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Reasons for laying broken eggs.

Discussion in 'Tortoise Breeding' started by Anyfoot, Apr 4, 2016.

  1. Crzt4torts

    Crzt4torts Active Member

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    The sunlight (UV) was my thought as well, without enough sunlight to generate Vitamin D, calcium is not used properly - so it IS possible to get enough dietary Calcium - yet to have a deficiency because that calcium is not utilized correctly in the body. Perhaps the significant amount of cuttlebone eating is because they are deficient.
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  2. Anyfoot

    Anyfoot Well-Known Member

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    I got home today to find this female had laid a clutch of 9. All normal size eggs and no calcification or broken eggs. My torts have had plenty of sun lately due to getting the outdoor enclosure completed, maybe that helped the broken egg problems. The 2nd photo is her first clutch with me from 207 days ago. I've just ditched those eggs.
    I'd only had her a few weeks at that point.
    IMG_20160614_174314.jpg IMG_20160614_175313.jpg
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  3. Loohan

    Loohan Well-Known Member

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    The problem with nuts, seeds, and many other foods including many greens is that they contain anti-nutrients which block the uptake of calcium. Theoretically. Actually, from what i've read, different individuals (humans) vary greatly as to how much these factors affect them. Possibly gut flora, genetics, and other factors weigh in.
    And i have no idea how it pertains to reptiles.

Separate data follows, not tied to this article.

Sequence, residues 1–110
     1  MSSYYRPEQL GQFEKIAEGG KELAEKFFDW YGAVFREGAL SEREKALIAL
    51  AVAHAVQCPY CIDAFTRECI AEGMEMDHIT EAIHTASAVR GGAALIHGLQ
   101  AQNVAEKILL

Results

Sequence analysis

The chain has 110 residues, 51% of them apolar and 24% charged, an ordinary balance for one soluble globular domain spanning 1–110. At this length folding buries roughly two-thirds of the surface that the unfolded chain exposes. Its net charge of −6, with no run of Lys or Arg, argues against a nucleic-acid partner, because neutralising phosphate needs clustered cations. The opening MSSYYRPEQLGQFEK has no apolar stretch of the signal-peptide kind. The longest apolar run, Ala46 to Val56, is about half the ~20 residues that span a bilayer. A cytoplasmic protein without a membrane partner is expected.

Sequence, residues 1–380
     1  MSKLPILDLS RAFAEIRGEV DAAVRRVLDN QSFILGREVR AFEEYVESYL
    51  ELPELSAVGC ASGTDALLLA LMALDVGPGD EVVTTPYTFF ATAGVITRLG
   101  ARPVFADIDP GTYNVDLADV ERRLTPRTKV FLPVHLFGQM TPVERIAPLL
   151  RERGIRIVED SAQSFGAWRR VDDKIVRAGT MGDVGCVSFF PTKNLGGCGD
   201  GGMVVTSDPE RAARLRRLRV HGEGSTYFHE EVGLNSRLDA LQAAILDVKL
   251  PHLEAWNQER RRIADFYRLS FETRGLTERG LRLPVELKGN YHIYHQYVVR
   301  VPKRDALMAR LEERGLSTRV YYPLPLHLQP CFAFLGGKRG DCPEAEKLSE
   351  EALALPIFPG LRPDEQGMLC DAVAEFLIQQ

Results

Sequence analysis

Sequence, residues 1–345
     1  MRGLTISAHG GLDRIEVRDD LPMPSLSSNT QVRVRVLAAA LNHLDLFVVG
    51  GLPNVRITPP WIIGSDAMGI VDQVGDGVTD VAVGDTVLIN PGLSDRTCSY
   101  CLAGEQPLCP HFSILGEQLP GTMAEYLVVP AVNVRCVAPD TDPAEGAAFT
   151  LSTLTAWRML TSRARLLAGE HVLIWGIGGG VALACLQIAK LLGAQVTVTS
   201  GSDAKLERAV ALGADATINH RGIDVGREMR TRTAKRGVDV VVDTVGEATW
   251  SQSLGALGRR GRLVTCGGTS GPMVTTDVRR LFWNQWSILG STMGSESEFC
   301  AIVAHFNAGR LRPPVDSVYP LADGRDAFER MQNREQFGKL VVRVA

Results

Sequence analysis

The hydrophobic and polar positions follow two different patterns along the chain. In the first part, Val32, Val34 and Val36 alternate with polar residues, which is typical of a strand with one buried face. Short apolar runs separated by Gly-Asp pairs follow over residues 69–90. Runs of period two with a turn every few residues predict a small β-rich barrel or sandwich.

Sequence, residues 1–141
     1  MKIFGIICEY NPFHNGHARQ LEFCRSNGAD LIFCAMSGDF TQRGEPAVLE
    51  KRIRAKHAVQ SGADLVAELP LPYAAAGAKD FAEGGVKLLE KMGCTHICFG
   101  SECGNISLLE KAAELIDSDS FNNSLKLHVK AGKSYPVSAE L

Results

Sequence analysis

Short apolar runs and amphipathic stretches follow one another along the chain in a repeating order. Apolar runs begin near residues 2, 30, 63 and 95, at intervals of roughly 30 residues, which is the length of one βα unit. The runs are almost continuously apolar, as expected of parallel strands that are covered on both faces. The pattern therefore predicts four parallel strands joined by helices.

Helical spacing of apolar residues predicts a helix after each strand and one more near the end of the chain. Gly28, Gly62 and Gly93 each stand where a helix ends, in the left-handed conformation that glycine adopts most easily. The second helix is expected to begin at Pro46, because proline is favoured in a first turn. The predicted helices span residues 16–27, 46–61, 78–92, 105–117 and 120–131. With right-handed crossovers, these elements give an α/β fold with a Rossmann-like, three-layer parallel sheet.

But people who are concerned about it have ways of soaking or sprouting nuts.
    I confess i usually just eat them and i feel fine.
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  4. Anyfoot

    Anyfoot Well-Known Member

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    Ok I need to put the above post right before I carry on with this thread. These 9 eggs were nothing to do with the female in this thread that I keep having problems with eggs breaking, so ignore it please .
    I'll post again in a minute.
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  5. Anyfoot

    Anyfoot Well-Known Member

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    The female in this thread still keeps breaking eggs, I've had another 3 clutches from this female since I got them in the new tort house, they've been outside virtually every day this summer as they can come and go from their house at will. So that's the D3 side of things covered. I have permanently got cuttlebone on offer, so that covers calcium if they want it and ive seen this female eat plenty of cuttlebone. All 3 clutches had broken eggs, I assumed she was breaking them after laying until I saw her lay a broken egg as it left the cloaca, and some eggs are just empty shells.
    Today(her 3rd clutch since I started this thread) she laid a clutch of 6, the 1st egg was broken again. On laying the 2nd egg the yolk came out first followed by a soft eggshell with just albumen in it(I opened this for the photo, it was a whole egg when laid). Eggs 3,4,5&6 were ok but different sizes. This female is extremely concaved on the plastron, could that be causing issues. I have 4 other females that have laid perfectly good eggs this yr.(by that I don't mean fertile but the actual eggs were fine)
    What would cause a female to lay an egg in 2 parts, yolk then eggshell with albumen?
    If you look carefully at the video you can see to the back right there is a yolk behind its eggshell. Some photos too.
    IMG_20161123_215745.jpg IMG_20161123_215244.jpg
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  6. MPRC

    MPRC Well-Known Member

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    I cannot believe your group will eat 60 cuttle bones in a month. Mine sat for a YEAR before the 6 of them split it at random.
  7. Anyfoot

    Anyfoot Well-Known Member

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    Yep, just bought another 2kg last Monday, scattered about 15 pieces all over the enclosure, I see them eating it on a daily occurrence, not so much the males though. I've checked poop to see if it's passing through and I can't see anything abnormal, that's assuming you would see calcium that passes through.
  8. tarta4ever

    tarta4ever Member 5 Year Member

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    the eggs are different in size, in my opinion could be that the anal scutes cause the damage to the bigger eggs, probably the phenomen will disappear with the growth
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